There’s no easy answer when it comes to the question of whether or not to liquidate your company. On the one hand, liquidation can provide a fresh start for your business, freeing you from the debts and obligations that have been weighing it down.
On the other hand, liquidation can be a risky and uncertain process, with no guarantee of success. Alternatively, you maybe thinking about a change of career path or retiring so the business may no longer be needed.
Before making a decision, it’s important to weigh all of the potential pros and cons of liquidation carefully. Only by doing so will you be able to make the best decision for your company’s future
What are the options for liquidating my company?
If you’re considering liquidating a limited company, there are a few different options available. One option is to simply sell off all of your assets pre liquidation and close up shop. This can be a quick and easy way to close the business if there are no debt attached to the business, if the business is carry debts you will need to liquidate.
Another option is to negotiate with your creditors. This can be a lengthy process, but it may allow you to settle your debts for less than what you owe.
Finally, if you are a limited company you could file for insolvency. This would give you some protection from your creditors, without having an impact on your personal credit score.
Ultimately, the best way to liquidate your company will depend on your individual circumstances.
How do I liquidate my company? Can I liquidate my own company?
In order to liquidate your own company you will need the services of an insolvency practitioner.
Although both MVLs and CVLs require directors to initiated the process, this means you are the one who is taking the decision to place your company into liquidation, you are unable to liquidate your limited company yourself.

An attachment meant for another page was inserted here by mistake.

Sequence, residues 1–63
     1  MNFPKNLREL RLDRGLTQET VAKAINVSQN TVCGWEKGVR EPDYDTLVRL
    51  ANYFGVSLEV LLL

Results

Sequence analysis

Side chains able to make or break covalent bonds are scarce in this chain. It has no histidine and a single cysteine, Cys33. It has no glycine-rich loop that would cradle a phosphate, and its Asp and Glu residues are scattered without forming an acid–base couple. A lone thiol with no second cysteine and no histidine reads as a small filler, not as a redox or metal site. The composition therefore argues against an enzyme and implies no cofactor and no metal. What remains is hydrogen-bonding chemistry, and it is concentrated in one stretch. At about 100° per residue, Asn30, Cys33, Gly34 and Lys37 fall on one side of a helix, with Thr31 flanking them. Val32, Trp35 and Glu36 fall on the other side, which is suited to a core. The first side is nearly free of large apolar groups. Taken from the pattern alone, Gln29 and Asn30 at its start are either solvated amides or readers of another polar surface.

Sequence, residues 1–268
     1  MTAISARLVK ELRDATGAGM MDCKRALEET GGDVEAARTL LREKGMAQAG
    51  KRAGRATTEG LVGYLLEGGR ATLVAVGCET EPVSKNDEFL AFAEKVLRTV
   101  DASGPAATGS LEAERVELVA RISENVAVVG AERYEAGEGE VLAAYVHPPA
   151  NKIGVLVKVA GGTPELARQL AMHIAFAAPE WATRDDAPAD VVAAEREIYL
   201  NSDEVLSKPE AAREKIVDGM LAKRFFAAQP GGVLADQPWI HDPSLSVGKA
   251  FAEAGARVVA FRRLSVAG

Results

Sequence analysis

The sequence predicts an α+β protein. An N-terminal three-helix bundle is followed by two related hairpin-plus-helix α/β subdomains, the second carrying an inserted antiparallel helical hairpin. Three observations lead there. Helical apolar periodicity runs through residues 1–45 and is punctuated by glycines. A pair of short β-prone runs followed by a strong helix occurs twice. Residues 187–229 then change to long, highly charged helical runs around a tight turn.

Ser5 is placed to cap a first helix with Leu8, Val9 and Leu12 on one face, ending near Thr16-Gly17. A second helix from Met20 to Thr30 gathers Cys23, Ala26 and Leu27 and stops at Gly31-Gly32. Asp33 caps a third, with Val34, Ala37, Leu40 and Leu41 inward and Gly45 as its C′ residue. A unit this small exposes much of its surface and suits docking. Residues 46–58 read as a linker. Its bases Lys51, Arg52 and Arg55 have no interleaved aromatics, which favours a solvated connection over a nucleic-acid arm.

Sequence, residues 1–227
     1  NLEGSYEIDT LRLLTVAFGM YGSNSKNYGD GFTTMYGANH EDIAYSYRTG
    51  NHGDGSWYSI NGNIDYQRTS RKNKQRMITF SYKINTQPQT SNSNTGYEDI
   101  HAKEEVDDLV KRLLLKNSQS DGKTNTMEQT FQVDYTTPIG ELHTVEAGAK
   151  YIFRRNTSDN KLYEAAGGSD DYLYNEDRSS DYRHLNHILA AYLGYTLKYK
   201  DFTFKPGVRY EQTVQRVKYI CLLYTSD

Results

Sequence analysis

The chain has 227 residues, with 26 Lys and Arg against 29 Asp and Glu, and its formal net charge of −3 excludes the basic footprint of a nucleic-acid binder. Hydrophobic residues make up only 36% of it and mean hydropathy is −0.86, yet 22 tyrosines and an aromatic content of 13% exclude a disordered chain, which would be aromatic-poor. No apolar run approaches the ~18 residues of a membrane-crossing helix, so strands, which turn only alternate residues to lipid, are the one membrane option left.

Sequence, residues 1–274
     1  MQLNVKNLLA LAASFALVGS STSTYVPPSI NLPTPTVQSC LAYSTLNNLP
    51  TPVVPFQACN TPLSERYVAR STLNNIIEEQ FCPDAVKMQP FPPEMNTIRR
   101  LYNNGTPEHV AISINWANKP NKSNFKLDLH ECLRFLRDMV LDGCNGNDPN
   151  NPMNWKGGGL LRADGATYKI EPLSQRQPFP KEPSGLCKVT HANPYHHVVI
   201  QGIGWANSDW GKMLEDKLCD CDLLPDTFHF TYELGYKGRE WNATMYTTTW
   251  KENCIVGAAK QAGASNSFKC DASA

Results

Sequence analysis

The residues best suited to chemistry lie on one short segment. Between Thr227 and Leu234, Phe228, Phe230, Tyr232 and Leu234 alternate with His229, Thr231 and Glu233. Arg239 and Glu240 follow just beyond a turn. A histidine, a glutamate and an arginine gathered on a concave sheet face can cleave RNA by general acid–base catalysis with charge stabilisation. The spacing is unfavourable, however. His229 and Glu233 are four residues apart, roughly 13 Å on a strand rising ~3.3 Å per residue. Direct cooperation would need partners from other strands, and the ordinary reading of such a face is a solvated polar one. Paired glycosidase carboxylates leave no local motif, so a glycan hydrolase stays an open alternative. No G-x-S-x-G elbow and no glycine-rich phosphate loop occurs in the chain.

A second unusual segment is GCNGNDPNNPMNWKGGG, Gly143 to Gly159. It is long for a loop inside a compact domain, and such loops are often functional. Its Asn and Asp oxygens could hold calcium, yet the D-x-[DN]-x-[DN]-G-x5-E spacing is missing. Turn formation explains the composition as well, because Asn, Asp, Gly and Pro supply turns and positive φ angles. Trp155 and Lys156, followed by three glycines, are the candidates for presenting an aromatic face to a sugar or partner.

If you have decided to explore the liquidation of your business, your first step is to seek advice from a licensed insolvency practitioner. They will talk you through your options and ensure liquidation is appropriate for your company’s situation and future outlook.
If it is deemed that liquidation is the best solution, the appointed insolvency practitioner will handle the whole process on your behalf, including dealing with outstanding creditors and ensuring the company is wound down in an orderly manner.
What happens when I liquidate my company?
MVL or CVL, both processes require expertise and guidance of a licensed insolvency practitioner (IP). It is simply not possible for you to liquidate your limited company without one. Therefore, the first step is to seek professional help.
Once appointed, it is the role of the insolvency practitioner to “liquidate” the assets of the company and so turn them into cash to pay the stakeholders such as shareholders/members and creditors.
All assets are valued and then the insolvency practitioner arranges the selling of these, in return for capital that is used to pay off the creditors owed. Note that creditors will be paid in priority order, and the IP will be sure to settle their own cost too.
When you liquidate your company, it means that you are essentially shutting it down. This can be a voluntary decision on your part, or it may be forced upon you by creditors. Either way, the process will involve selling off all of your assets and using the proceeds to pay off your debts.
Once your debts have been paid, any remaining assets will be distributed to shareholders. If you are the sole shareholder, then you will keep any remaining assets.
Those lower down in the order of priority may be left out of pocket as a result, depending on the difference between the amounts realised and that owed. Remember, as the company is limited, any debts after realisation are wiped, unless any personal guarantees are involved and then responsibilities may in some way alter.
Liquidating your company can be a complicated and time-consuming process, so it is important to seek professional help if you are considering this option.
What happens after I have liquidated my company?